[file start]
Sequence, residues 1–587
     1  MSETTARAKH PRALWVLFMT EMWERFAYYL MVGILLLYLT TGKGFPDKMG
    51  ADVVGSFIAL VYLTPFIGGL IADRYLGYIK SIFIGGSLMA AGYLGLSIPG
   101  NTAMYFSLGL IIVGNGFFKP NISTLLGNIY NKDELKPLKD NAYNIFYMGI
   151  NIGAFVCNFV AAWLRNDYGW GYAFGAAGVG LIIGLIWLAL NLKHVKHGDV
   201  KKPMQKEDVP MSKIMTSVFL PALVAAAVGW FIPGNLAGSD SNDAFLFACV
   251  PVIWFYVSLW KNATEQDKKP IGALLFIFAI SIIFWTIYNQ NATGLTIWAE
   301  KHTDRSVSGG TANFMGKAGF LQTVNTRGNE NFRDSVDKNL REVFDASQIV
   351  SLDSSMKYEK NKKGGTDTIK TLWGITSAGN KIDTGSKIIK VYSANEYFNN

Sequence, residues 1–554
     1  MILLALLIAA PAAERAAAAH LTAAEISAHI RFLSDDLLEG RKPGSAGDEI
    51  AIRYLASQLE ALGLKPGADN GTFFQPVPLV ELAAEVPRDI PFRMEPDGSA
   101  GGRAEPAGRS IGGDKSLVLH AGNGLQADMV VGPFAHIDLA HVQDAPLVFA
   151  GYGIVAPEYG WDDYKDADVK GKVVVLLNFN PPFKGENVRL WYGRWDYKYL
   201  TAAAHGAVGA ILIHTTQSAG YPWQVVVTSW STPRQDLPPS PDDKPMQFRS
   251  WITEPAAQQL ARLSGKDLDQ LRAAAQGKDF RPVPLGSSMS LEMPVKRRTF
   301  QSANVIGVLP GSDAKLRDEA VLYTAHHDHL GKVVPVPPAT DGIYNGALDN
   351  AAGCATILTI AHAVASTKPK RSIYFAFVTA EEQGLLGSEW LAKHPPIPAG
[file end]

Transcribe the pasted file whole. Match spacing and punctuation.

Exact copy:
Sequence, residues 1–587
     1  MSETTARAKH PRALWVLFMT EMWERFAYYL MVGILLLYLT TGKGFPDKMG
    51  ADVVGSFIAL VYLTPFIGGL IADRYLGYIK SIFIGGSLMA AGYLGLSIPG
   101  NTAMYFSLGL IIVGNGFFKP NISTLLGNIY NKDELKPLKD NAYNIFYMGI
   151  NIGAFVCNFV AAWLRNDYGW GYAFGAAGVG LIIGLIWLAL NLKHVKHGDV
   201  KKPMQKEDVP MSKIMTSVFL PALVAAAVGW FIPGNLAGSD SNDAFLFACV
   251  PVIWFYVSLW KNATEQDKKP IGALLFIFAI SIIFWTIYNQ NATGLTIWAE
   301  KHTDRSVSGG TANFMGKAGF LQTVNTRGNE NFRDSVDKNL REVFDASQIV
   351  SLDSSMKYEK NKKGGTDTIK TLWGITSAGN KIDTGSKIIK VYSANEYFNN

Sequence, residues 1–554
     1  MILLALLIAA PAAERAAAAH LTAAEISAHI RFLSDDLLEG RKPGSAGDEI
    51  AIRYLASQLE ALGLKPGADN GTFFQPVPLV ELAAEVPRDI PFRMEPDGSA
   101  GGRAEPAGRS IGGDKSLVLH AGNGLQADMV VGPFAHIDLA HVQDAPLVFA
   151  GYGIVAPEYG WDDYKDADVK GKVVVLLNFN PPFKGENVRL WYGRWDYKYL
   201  TAAAHGAVGA ILIHTTQSAG YPWQVVVTSW STPRQDLPPS PDDKPMQFRS
   251  WITEPAAQQL ARLSGKDLDQ LRAAAQGKDF RPVPLGSSMS LEMPVKRRTF
   301  QSANVIGVLP GSDAKLRDEA VLYTAHHDHL GKVVPVPPAT DGIYNGALDN
   351  AAGCATILTI AHAVASTKPK RSIYFAFVTA EEQGLLGSEW LAKHPPIPAG